March is Women's History Month
The Library of Congress, National Archives and Records Administration, National Endowment for the Humanities, National Gallery of Art, National Park Service, Smithsonian Institution and United States Holocaust Memorial Museum join in commemorating and encouraging the study, observance and celebration of the vital role of women in American history.
The American Women's History Initiative will amplify women's voices to honor the past, inform the present and inspire the future.
The stories we tell deepen our understanding of women’s contributions to America and the world, showing how far women have advanced and how we as a country value equality and the contributions of all our citizens.
Read the stories »
Image Credit: Smithsonian Institution, Office of Communications & External Affairs
From the lives of young, immigrant women who worked the textile mills at Lowell National Historical Park to those of the female shipyard workers who were essential to the home front during World War II at Rosie the Riveter/World War II Home Front National Historic Park, women's history can be found at every park. If you want to understand our nation's history, explore the remarkable legacies of American women.
Women's History at America's National Parks »
Image Credit: Detail of . . . [Mural: Women of the Wiregrass, 126 N. St. Andrews Street, Dothan, Alabama] (Library of Congress)
The National Archives celebrates Women's History Month, recognizing the great contributions that women have made to our nation. Learn about the history of women in the United States by exploring their stories through letters, photographs, film, and other primary sources.
Explore the site »
Image Credit: Women Marching in Suffragette Parade, Washington, DC (National Archives)
The limited but important roles women played in Korea and Vietnam paved the path to more expanded -- and in some cases more dangerous -- specialties in recent wars.
Find out more about women in the military »
Image credit: Color digital image of Lee Lane in uniform sitting in the cockpit doorway of a helicopter (Library of Congress)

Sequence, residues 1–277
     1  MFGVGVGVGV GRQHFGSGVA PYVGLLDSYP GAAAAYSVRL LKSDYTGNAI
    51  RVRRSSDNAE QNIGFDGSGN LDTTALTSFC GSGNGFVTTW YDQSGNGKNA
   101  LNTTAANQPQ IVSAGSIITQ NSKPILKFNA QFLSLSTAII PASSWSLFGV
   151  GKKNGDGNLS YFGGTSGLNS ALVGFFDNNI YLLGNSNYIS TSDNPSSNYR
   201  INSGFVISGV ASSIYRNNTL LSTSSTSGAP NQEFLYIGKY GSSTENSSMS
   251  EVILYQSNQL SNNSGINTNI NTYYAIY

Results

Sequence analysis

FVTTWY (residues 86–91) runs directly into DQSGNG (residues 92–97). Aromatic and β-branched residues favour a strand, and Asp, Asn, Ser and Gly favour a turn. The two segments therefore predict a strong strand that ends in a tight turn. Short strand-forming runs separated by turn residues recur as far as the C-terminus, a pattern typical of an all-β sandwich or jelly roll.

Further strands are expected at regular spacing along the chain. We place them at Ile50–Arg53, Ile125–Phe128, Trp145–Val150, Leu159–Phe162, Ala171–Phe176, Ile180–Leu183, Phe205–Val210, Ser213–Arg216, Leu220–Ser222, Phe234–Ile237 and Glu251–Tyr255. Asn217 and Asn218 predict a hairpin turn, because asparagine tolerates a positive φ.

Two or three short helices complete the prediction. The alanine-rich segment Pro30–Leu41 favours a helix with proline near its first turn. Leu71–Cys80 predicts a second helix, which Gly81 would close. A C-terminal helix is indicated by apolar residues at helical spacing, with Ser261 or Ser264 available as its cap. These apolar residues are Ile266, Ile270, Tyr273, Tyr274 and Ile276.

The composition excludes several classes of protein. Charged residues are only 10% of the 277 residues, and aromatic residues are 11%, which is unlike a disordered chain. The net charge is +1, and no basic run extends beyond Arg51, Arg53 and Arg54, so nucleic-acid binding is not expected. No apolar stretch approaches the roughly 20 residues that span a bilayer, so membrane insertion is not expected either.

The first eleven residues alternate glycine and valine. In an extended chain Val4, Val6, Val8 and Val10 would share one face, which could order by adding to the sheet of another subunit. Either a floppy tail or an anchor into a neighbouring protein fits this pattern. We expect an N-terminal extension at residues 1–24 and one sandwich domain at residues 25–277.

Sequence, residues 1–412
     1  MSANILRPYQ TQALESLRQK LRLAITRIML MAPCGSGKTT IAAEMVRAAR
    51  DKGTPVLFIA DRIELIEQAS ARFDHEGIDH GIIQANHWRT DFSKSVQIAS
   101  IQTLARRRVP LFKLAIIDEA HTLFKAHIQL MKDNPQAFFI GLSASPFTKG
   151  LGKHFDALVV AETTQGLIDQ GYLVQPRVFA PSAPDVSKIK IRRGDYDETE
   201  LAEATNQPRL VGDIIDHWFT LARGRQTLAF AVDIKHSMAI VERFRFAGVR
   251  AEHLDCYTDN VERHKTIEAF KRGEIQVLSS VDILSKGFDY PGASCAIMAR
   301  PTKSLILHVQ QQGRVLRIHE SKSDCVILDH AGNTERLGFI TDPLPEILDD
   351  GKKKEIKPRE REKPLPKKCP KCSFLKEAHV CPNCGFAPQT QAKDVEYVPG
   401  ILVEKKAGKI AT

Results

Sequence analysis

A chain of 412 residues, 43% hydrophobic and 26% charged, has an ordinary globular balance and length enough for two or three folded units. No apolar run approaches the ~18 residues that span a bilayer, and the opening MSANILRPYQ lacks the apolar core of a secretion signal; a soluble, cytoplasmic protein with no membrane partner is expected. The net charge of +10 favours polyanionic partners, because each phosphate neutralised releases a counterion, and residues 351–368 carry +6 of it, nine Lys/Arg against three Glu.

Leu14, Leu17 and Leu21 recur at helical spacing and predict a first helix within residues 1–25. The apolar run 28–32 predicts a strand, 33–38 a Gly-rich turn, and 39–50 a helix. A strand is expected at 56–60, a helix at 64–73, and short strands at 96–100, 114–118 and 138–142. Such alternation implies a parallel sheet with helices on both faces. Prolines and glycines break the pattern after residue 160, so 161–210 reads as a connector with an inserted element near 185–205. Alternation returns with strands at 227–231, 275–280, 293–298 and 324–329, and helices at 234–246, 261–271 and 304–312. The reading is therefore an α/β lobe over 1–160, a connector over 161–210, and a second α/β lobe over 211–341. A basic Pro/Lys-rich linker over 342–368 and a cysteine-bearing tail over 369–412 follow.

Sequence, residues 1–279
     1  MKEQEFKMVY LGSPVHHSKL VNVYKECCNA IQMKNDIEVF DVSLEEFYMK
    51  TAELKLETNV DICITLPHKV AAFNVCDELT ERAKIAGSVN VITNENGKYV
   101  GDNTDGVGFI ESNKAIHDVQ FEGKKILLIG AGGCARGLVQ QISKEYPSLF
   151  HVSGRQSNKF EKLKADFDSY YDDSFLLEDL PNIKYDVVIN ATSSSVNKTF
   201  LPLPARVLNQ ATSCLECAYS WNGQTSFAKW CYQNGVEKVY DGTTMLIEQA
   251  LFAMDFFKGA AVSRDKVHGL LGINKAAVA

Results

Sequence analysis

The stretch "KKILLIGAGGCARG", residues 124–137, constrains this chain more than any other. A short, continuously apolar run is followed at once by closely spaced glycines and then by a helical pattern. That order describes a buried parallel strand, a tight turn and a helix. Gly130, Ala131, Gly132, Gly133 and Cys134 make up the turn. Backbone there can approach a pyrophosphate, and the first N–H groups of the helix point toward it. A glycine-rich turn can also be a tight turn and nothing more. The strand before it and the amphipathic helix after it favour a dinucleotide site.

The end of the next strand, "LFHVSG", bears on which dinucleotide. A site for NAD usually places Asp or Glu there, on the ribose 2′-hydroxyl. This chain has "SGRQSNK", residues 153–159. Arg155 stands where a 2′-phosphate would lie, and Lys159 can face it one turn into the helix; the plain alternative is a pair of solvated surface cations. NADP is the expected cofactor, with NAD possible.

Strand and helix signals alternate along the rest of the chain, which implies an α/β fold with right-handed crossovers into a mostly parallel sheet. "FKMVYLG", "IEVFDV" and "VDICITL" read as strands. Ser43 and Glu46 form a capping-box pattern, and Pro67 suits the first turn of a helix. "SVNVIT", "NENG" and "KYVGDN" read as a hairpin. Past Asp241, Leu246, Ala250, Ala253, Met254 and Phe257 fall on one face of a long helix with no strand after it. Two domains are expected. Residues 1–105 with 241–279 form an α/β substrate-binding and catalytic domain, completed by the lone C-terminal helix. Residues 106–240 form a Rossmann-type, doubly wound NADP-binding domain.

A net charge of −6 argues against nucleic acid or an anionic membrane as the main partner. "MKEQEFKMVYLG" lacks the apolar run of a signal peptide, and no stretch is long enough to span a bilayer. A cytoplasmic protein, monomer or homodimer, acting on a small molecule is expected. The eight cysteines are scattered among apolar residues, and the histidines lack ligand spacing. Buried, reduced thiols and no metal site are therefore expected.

Put the power of primary sources to work in the classroom. Browse ready-to-use lesson plans, student activities, collection guides and research aids.
Educational resources »
Image credit: Encre L. Marquet by Eugène Grasset, 1892 (Library of Congress)
March 4, 2019 - February 2020
All Work and No Pay: A History of Women's Invisible Labor
Explore the history of women’s work in the home and the value and implications of unwaged labor. Costumes meant for domestic work from colonial America to the 1990s and objects from various ethnic communities and classes highlight how women shared similar tasks across race and class despite the complicated dynamics and inequalities between them.
(National Museum of American History)
March 29, 2019 - January 5, 2020
Votes for Women: A Portrait of Persistence
This exhibition will outline the more than 80-year movement for women to obtain the right to vote as part of the larger struggle for equality that continued through the 1965 Civil Rights Act and arguably lingers today. Thematic explorations are complemented by a chronological narrative of visual biographies of some of the movement’s most influential leaders.
(National Portrait Gallery)
May 10, 2019 - January 3, 2021
Rightfully Hers: American Women and the Vote
In celebration of the 100th anniversary of the 19th Amendment, this exhibition highlights the relentless struggle of diverse activists throughout U.S. history to secure voting rights for all American women.
Library of Congress
June 4, 2019 - September 2020
Shall Not Be Denied: Women Fight for the Vote
Documents, images, video and audio recordings will trace the movement leading to the passage of the 19th amendment and will consider the divergent political strategies and internal divisions the movement overcame.
Library of Congress
Opening in December 2019
This will be the first major exhibition to showcase the Rosa Parks Collection, which came to the Library of Congress in 2014. The collection includes thousands of pages of Parks’ personal correspondence, letters from presidents, her writings from the time of the Montgomery Bus Boycott and about 2,500 photographs, as well as her Presidential Medal of Freedom and Congressional Gold Medal.